image from The Guardian
There have been a series of stories in the press over the past few months, setting an agenda that goes something like this;
Austerity is necessary, we all need to pull in our belts for the sake of the nation
Poverty is avoidable if you work hard. Only those who are lazy live in poverty
We can not afford to continue to pay benefits to scroungers
It is the working ‘squeezed middle’ we need to feel sorry for- those people whose taxes are being used to buy easy lifestyles to people on benefits
This blame the poor attitude is pervasive and seems to play remarkably well- giving us someone to blame, easy scapegoats for the economic woes that assail the nation. Never mind the facts.
We already know that the rich are getting richer.
And that a third of the workforce have held on to their jobs through accepting pay cuts, in a manner unprecedented.
Today, we hear that an extra one million people are now regarded as living in poverty in the UK, including 300,000 children- this from the governments own stats.
One strange stat however is that most of these new children who live in poverty come from working households. All those benefits cuts to council tax benefit, housing benefit, etc, squeezed wages. This from the Guardian says it all;
Oxfam’s Katherine Trebeck said: “It is unacceptable that in the seventh richest country on the planet, we’ve seen the number of people living in poverty increase by nearly a million. With cuts to public services and social security in the pipeline, the number of people living on absolute low incomes will only increase over the years.”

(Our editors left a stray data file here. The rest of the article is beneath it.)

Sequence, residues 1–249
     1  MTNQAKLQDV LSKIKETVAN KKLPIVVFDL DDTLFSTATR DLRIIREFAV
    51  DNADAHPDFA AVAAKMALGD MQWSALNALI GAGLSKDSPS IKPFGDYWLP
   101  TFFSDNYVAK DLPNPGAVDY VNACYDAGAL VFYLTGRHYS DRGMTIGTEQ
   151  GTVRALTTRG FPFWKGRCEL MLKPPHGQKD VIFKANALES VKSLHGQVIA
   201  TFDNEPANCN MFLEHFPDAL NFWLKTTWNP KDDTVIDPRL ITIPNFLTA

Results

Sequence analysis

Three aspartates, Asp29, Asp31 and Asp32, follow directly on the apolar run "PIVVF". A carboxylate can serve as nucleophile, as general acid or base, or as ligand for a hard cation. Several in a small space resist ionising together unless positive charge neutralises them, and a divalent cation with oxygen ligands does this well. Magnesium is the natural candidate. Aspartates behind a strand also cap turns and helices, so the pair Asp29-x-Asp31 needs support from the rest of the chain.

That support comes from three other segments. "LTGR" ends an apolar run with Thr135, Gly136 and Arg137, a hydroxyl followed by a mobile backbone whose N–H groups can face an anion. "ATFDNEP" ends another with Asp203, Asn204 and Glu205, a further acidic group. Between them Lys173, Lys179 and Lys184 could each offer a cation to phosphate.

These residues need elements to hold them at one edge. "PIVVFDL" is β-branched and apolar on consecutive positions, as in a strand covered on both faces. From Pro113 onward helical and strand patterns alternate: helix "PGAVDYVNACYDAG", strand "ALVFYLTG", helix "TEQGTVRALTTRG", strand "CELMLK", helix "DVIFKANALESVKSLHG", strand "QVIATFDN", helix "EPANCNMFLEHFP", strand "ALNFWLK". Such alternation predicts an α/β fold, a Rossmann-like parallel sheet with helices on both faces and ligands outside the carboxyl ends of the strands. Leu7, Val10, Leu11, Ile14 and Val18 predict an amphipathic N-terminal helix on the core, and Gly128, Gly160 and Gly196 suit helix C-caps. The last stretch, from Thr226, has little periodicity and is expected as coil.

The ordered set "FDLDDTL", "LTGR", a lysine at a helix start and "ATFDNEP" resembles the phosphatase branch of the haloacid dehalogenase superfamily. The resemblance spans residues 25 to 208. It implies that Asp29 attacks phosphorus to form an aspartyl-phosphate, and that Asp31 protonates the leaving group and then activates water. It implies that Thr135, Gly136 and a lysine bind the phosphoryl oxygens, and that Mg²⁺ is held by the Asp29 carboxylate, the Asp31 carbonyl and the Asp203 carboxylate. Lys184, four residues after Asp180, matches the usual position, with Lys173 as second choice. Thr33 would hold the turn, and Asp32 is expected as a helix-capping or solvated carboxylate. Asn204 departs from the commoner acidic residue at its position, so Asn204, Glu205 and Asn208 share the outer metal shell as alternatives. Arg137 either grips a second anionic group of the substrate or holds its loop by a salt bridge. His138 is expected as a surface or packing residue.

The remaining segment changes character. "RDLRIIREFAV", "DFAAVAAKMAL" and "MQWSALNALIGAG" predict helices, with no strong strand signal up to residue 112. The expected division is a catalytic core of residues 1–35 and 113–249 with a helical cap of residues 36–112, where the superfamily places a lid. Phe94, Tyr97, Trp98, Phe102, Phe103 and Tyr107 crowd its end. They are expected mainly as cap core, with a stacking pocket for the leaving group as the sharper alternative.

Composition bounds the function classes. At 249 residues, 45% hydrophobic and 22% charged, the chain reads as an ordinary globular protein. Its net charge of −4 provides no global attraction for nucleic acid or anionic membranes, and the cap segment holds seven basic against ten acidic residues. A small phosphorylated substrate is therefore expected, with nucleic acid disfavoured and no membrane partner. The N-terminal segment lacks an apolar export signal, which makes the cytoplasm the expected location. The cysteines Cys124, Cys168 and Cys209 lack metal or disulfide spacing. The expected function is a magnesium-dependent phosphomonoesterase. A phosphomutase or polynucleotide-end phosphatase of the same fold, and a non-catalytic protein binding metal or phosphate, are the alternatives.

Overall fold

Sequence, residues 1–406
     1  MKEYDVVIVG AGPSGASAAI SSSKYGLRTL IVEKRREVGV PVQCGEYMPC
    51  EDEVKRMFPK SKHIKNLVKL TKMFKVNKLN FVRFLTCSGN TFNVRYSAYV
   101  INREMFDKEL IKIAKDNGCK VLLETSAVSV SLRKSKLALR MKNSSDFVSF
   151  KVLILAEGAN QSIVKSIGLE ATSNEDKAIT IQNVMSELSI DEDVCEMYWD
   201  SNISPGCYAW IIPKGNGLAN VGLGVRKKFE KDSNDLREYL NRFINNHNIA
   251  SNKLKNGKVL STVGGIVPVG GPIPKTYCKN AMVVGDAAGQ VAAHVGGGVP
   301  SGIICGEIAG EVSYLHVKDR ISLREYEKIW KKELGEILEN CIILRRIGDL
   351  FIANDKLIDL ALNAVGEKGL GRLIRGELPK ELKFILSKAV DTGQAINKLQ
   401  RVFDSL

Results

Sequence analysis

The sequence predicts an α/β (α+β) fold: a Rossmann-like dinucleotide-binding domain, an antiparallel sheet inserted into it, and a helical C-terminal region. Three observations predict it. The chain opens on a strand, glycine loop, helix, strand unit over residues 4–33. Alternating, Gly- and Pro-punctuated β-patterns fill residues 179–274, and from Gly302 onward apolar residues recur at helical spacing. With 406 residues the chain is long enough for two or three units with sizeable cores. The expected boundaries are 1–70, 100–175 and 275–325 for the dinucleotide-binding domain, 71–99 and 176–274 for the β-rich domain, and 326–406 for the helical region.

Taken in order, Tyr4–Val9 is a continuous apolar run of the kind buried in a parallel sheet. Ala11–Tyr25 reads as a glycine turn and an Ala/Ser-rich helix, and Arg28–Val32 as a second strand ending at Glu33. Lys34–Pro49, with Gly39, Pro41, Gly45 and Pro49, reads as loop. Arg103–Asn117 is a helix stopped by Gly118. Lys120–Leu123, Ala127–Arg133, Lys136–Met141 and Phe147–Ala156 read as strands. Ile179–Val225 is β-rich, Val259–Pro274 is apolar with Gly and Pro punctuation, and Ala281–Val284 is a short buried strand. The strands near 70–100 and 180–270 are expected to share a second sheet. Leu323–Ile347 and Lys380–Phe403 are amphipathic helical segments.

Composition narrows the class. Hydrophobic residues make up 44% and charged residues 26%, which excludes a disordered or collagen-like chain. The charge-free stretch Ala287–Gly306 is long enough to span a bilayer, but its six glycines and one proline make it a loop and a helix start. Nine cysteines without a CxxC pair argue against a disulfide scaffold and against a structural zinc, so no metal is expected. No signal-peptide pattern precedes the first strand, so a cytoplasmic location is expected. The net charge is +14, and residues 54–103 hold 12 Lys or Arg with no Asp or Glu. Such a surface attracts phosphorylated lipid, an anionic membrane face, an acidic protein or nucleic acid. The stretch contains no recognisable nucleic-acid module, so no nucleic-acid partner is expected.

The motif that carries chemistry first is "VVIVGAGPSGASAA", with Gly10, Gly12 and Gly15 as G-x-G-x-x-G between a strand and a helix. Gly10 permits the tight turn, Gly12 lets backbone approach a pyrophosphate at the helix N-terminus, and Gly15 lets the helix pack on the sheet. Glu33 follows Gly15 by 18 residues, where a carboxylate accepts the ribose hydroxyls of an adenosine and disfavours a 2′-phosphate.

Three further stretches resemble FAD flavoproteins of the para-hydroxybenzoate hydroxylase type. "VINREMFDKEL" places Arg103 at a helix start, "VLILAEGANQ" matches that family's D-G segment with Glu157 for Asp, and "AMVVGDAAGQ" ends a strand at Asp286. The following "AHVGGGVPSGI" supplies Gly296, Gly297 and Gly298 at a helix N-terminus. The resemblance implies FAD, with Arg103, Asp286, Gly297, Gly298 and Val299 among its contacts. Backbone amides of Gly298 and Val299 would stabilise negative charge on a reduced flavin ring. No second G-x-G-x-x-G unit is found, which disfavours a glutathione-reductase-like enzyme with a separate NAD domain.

Alison Garnham, chief executive of Child Poverty Action Group, said: “Despite all the talk about ‘scroungers’ and generations of families never working, today’s poverty figures expose comprehensively the myth that the main cause of poverty is people choosing not to work. The truth is that for a growing number of families, work isn’t working. The promise that work would be a route out of poverty has not been kept as wages stagnate and spending cuts have hurt low-income working families.”
Barnardo’s chief executive Anne Marie Carrie said: “This year many of these households will be pushed into financial chaos when the cap on benefits increases take effect, compromising the health and life chances of children as they are forced to grow up in poverty.”
Matthew Reed, chief executive of the Children’s Society, said: “It is shameful that, as one of the richest countries in the world, child poverty is being allowed to increase.”
All these charities are working at the cutting edge of poverty in the UK. The so called ‘squeezed middle’- those of us who might be forced to alter one or two consumer decisions as a result of cut backs- we rarely come into contact with this kind of poverty.
Angry? We should be.
Decisions taken by our present government are not victimless.